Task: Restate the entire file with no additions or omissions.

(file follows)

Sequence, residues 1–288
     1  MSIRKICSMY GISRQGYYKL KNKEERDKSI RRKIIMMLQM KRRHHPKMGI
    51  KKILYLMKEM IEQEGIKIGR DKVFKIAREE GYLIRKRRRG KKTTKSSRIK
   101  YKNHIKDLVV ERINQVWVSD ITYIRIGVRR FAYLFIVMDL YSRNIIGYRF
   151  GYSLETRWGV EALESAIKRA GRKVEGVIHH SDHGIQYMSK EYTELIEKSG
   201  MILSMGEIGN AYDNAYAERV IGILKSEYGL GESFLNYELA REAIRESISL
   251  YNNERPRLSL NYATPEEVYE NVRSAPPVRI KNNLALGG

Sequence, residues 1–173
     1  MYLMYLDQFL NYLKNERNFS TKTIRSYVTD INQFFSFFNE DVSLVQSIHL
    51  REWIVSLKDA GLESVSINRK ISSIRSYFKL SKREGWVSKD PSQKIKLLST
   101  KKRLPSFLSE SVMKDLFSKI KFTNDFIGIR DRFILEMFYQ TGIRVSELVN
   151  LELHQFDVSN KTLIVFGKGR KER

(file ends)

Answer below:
Sequence, residues 1–288
     1  MSIRKICSMY GISRQGYYKL KNKEERDKSI RRKIIMMLQM KRRHHPKMGI
    51  KKILYLMKEM IEQEGIKIGR DKVFKIAREE GYLIRKRRRG KKTTKSSRIK
   101  YKNHIKDLVV ERINQVWVSD ITYIRIGVRR FAYLFIVMDL YSRNIIGYRF
   151  GYSLETRWGV EALESAIKRA GRKVEGVIHH SDHGIQYMSK EYTELIEKSG
   201  MILSMGEIGN AYDNAYAERV IGILKSEYGL GESFLNYELA REAIRESISL
   251  YNNERPRLSL NYATPEEVYE NVRSAPPVRI KNNLALGG

Sequence, residues 1–173
     1  MYLMYLDQFL NYLKNERNFS TKTIRSYVTD INQFFSFFNE DVSLVQSIHL
    51  REWIVSLKDA GLESVSINRK ISSIRSYFKL SKREGWVSKD PSQKIKLLST
   101  KKRLPSFLSE SVMKDLFSKI KFTNDFIGIR DRFILEMFYQ TGIRVSELVN
   151  LELHQFDVSN KTLIVFGKGR KER